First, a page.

In the 1990s machines, they made heavy use of a few different connector types made by Molex. You see the term "Molex connector" used almost generically as though it referred to some specific physical plug type, but it's actually a particularly unhelpful term when you're searching for parts. Molex the company makes a huge array of diverse connector types, so "Molex connector" can refer to all sorts of things. If you want to be helpful when describing a particular connector to someone, you need to give them a Molex part number or at least the Molex product line name.
Pluggable connectors of the sort used in the real machines have two important virtues:
  • You can easily connect and disconnect them at any time
  • You can't get a connection wrong when re-connecting something, because the plug only fits in the one place where it's supposed to go
Most virtual pin cab builders intuitively recognize the important of modular wiring - of using some kind of removable connectors rather than soldering everything together permanently. But many new pin cab builders gravitate towards screw-terminal blocks, and in my opinion, those don't quite achieve the full goal here. Terminal blocks do avoid the need for permanently soldered connections, so they address the first point above right, but they miss the mark on the second point. Consider what happens if you have a couple of terminal blocks for wiring a particular part, and you disconnect the wiring: where do the wires go when it's time to reconnect them?
Proper pluggable connectors of the sort we're talking about are definitely a bit more work to set up than screw terminals. But they're great once they're in place, because you can arrange things so it's practically impossible to plug things in the wrong way. These connectors can also be time-consuming to select during the design phase, because there are so many options available. I'm convinced you could build a nice engineering career on a solid knowledge of the Molex catalog and of which connector to use when. I've tried to make your job here a little easier via pointers to some good basic options in Connectors.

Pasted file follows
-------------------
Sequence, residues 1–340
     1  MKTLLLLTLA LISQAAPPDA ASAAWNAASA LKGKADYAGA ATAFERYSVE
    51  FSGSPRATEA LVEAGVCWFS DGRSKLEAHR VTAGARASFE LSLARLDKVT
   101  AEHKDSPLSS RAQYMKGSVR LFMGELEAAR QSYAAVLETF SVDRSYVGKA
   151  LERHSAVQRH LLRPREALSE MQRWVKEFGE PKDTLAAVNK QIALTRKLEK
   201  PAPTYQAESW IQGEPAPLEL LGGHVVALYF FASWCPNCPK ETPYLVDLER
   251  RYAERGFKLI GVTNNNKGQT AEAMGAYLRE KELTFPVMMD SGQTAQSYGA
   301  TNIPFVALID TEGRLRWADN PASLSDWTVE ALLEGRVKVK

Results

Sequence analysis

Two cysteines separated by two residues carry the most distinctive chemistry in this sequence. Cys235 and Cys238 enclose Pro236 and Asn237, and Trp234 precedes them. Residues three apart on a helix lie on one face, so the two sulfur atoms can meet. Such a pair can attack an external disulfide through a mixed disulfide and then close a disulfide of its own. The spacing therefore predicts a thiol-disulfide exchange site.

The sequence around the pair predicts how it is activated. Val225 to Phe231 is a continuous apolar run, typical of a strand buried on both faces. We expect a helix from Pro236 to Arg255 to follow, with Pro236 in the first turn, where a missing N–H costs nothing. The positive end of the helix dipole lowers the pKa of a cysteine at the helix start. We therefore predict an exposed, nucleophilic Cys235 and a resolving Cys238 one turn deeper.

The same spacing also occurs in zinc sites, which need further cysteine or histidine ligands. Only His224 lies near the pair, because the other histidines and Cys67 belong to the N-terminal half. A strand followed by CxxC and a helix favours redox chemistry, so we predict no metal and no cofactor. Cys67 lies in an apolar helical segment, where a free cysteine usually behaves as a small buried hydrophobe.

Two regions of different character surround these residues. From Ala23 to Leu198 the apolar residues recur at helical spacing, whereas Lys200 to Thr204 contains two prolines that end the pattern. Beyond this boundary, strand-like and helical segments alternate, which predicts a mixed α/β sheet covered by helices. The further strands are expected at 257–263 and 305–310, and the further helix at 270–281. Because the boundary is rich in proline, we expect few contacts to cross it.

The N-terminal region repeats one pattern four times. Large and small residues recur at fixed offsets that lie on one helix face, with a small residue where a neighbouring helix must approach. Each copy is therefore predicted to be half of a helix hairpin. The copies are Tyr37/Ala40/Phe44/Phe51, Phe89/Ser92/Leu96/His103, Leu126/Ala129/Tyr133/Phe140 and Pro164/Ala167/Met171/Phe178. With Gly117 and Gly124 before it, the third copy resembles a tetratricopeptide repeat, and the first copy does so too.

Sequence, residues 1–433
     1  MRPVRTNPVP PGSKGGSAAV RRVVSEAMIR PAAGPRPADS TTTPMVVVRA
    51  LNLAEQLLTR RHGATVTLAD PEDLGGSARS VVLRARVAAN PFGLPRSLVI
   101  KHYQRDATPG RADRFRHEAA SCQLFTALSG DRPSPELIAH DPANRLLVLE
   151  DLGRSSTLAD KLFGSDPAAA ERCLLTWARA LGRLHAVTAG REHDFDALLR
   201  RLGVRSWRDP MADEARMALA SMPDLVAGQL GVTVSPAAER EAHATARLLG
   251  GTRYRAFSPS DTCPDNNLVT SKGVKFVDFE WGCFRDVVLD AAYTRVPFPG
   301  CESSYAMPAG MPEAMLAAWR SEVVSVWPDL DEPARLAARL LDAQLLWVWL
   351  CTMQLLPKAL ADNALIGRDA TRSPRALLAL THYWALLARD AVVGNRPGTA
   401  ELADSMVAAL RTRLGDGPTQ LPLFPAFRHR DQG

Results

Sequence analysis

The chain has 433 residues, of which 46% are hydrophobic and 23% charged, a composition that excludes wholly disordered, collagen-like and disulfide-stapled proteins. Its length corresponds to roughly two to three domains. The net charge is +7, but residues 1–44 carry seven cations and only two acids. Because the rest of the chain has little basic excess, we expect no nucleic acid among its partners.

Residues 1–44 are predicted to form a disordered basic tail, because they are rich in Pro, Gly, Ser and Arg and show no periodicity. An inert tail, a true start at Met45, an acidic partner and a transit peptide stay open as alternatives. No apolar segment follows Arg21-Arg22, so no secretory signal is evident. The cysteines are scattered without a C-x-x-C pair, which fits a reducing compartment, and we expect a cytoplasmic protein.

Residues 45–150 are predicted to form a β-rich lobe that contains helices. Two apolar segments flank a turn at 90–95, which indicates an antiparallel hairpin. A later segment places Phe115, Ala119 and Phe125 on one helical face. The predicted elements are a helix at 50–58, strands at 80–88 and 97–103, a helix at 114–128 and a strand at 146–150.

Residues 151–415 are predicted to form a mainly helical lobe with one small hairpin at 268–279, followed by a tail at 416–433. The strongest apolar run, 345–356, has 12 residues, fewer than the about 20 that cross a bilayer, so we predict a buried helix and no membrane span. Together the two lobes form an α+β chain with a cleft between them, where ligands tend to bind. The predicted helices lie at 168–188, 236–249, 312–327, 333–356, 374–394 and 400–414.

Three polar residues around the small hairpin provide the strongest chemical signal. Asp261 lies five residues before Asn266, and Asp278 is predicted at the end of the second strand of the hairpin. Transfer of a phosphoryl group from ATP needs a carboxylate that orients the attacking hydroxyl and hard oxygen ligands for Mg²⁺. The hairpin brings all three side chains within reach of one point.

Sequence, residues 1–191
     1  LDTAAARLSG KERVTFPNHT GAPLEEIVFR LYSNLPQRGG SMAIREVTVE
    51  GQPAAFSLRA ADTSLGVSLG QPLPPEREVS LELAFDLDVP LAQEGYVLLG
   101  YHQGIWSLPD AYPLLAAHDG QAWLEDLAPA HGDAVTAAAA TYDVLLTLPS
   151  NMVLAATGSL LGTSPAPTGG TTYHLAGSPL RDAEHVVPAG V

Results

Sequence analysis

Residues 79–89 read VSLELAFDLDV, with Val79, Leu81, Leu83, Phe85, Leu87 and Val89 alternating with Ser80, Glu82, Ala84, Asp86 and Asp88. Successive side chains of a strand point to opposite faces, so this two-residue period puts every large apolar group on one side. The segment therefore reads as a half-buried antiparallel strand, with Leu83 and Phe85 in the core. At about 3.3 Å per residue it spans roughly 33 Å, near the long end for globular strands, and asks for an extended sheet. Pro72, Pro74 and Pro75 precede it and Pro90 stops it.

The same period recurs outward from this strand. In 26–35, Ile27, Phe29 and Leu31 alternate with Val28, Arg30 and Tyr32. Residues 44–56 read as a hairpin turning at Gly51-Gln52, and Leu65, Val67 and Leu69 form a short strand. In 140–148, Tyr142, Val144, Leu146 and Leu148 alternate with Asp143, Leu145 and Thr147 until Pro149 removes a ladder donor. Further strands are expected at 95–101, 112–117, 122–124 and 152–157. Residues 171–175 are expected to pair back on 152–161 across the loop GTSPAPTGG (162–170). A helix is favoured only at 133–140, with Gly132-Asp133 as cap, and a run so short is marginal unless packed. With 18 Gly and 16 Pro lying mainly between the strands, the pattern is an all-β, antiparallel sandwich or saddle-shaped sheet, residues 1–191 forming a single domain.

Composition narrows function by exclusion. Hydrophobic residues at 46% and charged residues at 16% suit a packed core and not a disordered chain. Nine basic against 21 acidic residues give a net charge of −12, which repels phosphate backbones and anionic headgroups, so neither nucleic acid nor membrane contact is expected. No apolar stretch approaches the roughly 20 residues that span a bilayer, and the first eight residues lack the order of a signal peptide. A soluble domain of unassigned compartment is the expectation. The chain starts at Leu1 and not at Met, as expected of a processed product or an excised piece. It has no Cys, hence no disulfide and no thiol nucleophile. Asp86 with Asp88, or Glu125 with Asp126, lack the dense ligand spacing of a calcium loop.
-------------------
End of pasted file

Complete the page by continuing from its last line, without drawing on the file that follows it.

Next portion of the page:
There are three clever techniques used in the real machines to make the connections "idiot-proof", which are worth cribbing when you're wiring your virtual cab:
  • Whenever possible, use a unique connector type. It's impossible to plug a nine-prong Molex .062" plug into an eight-prong socket. If there's only one nine-prong Molex .062" plug and one nine-prong socket in the whole build, that's one connection that you can't plug back in to the wrong place.
  • Wherever you have to use the same connector type more than once, use a "keyed" connector. That means that you snip off one pin on the plug side, and block the corresponding socket on the receptacle side. If you try to plug the wrong 9-pin plug into the wrong 9-pin receptacle, that wrong plug won't have the right pin clipped, so it won't fit into the blocked socket.
  • Use plug-and-socket connectors that only plug in one way, so that you can't accidentally plug something in backwards. You get this benefit automatically for connector types that have asymmetrical shapes. All of the Molex .062 and .093 connectors are inherently designed this way, for example.